Of all the factors that go into creating Brand Lovers – those shoppers who will come to your store time and time again, even when they have other convenient options – trust is the one that’s entirely within the brand’s control. No matter what’s happening in this world, you can always choose to be trustworthy.
Every single interaction you have with your customer is an opportunity to demonstrate trustworthiness. There are a couple of ways to illustrate this idea. Let’s pick two – pricing and policies – to point out opportunities to create trust.
Pricing & Policies – Understanding The Infrastructure of Trust
Pricing first. No matter what you’re selling, from diet soda to diamond tiaras. Your customers are going to be aware of the price. Trust is established, at least to a minimal degree, if the price they encounter aligns with their expectations. When things don’t line up, trust starts being damaged right away. If a diamond tiara only costs $20, you don’t trust that it’s the real thing. This can work in your favor. If you’re a specialty gourmet foods retailer, let’s say you might be able to sell a diet soda for $20 to the connoisseur looking for a particularly unique flavor. They may have never heard of the brand, but they’ll buy it because they trust you & your store. That being said, if they pay that $20, that diet soda better be the best one they ever had.
If your pricing deviates significantly from the market, there needs to be a credible reason why your customer won’t trust your prices. And if your prices can’t be trusted, the relationship you have with this customer will not go too far. More than half of all shoppers price check; two-thirds will check prices online while shopping in-store. Is Will having trustworthy prices close the deal? Not necessarily, but even the opposite appearance will lose your business.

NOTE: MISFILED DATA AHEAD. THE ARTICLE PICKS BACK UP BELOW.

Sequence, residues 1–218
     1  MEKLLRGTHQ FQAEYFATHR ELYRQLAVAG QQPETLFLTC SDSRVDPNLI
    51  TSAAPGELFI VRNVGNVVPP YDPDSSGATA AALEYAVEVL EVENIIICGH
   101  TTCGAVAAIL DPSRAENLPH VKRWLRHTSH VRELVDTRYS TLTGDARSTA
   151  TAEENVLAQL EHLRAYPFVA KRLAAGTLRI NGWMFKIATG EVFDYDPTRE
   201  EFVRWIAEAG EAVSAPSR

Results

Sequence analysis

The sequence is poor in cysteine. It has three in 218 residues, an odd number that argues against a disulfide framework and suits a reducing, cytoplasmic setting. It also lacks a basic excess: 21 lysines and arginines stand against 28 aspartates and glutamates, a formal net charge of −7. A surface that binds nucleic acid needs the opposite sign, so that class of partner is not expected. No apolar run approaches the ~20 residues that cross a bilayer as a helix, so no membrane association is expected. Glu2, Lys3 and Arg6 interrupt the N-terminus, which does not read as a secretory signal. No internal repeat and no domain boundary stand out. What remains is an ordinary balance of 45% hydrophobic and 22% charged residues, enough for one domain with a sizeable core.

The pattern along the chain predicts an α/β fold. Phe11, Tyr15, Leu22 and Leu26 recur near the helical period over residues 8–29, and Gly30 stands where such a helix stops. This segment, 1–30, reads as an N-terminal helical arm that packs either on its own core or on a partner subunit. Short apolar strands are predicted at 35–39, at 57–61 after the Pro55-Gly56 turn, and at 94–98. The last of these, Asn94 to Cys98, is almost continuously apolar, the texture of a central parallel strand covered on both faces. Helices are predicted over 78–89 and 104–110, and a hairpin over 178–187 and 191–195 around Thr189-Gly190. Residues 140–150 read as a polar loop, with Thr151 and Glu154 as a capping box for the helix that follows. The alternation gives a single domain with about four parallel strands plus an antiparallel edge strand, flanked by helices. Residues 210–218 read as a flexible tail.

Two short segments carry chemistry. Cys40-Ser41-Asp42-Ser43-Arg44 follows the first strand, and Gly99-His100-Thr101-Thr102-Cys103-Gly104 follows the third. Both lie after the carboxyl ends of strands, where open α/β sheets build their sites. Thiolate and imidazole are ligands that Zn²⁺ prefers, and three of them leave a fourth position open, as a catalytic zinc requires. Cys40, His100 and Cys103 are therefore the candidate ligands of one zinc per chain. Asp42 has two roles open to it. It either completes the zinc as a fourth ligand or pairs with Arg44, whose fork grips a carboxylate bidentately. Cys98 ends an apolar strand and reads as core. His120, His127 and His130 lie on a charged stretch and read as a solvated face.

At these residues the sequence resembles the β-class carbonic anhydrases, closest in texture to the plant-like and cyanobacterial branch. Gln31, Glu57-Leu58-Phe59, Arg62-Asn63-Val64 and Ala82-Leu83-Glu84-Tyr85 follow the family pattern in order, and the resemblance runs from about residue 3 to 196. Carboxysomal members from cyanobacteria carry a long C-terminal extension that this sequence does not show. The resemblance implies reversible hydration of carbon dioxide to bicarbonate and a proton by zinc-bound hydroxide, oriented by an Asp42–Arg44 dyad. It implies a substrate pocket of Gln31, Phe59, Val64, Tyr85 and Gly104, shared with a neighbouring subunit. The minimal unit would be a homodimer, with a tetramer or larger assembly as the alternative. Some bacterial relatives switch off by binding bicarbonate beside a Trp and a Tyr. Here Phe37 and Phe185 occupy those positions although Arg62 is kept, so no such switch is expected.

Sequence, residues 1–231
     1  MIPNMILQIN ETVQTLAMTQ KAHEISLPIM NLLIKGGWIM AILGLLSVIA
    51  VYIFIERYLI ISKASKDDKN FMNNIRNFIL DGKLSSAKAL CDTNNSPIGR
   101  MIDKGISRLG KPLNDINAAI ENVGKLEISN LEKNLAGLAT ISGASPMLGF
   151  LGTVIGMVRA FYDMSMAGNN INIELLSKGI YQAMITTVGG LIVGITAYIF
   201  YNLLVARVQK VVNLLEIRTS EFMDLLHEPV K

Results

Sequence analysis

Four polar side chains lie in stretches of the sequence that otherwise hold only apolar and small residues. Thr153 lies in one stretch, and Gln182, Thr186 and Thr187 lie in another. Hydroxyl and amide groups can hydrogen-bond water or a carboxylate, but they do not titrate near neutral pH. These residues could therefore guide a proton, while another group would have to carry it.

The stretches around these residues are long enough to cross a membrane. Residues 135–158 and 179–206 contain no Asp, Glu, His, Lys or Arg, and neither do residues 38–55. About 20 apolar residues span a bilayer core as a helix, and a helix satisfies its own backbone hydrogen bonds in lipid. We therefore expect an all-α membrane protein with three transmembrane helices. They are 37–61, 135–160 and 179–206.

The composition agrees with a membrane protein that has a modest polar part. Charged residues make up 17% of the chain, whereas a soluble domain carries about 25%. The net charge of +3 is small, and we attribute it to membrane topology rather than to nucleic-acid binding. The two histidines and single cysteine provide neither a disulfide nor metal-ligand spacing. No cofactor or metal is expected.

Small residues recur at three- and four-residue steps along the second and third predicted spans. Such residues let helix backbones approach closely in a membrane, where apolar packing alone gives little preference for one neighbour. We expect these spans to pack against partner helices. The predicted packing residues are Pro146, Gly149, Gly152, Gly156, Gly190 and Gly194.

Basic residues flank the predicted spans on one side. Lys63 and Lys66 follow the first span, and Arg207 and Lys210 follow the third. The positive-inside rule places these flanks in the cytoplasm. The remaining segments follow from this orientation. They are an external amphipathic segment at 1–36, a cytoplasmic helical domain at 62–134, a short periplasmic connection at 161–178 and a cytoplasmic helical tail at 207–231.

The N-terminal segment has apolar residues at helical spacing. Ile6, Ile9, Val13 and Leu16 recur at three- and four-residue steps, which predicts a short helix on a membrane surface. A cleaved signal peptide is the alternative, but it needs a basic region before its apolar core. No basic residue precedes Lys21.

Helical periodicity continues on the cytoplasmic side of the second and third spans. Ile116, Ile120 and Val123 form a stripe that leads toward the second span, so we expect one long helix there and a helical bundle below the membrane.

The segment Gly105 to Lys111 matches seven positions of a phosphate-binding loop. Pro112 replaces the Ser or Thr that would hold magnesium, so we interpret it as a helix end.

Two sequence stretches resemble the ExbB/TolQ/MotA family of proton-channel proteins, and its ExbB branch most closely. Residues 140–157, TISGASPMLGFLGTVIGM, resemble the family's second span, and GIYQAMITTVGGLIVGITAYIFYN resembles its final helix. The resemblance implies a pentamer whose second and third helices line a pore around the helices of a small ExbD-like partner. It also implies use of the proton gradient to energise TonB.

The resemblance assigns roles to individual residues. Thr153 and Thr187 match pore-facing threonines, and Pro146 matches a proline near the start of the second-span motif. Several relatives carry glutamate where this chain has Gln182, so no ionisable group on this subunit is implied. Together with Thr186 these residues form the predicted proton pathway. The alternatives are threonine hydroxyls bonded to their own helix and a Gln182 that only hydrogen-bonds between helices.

The Power of Policies
Policies are precisely what I’m talking about when we get into discussing the infrastructure of trust. Every business has policies – how do you return merchandise, is it acceptable to bring a pet into the store, is it necessary to wear shoes in the establishment, and so on. In terms of establishing and maintaining trust, what the policy is isn’t nearly as important as if the procedure is clearly communicated and consistently applied.
Consistent application of policy allows your customers to trust that the experience they have in your establishment is one that they can expect to proceed in a specific fashion. If your fine dining restaurant has a dress code, your guests can reasonably expect to eat their dinner without looking at someone wearing a bathing suit, flip flops, and towel. People who are underdressed can trust that they’ll be able to dine comfortably once they too are suitably attired – and that no one else is getting away with dodging the standard they’ve been asked to meet.
Assuredly, these seem like simple points – but they’re the points that make or break relationships on a day in, day out basis. If your customer retention rate is just not there, it’s a good time to do that close perspective examination of your operation, focused on whether or not your customers trust you on that granular level. If the answer is not yes, the good news is it’s entirely within your control to improve.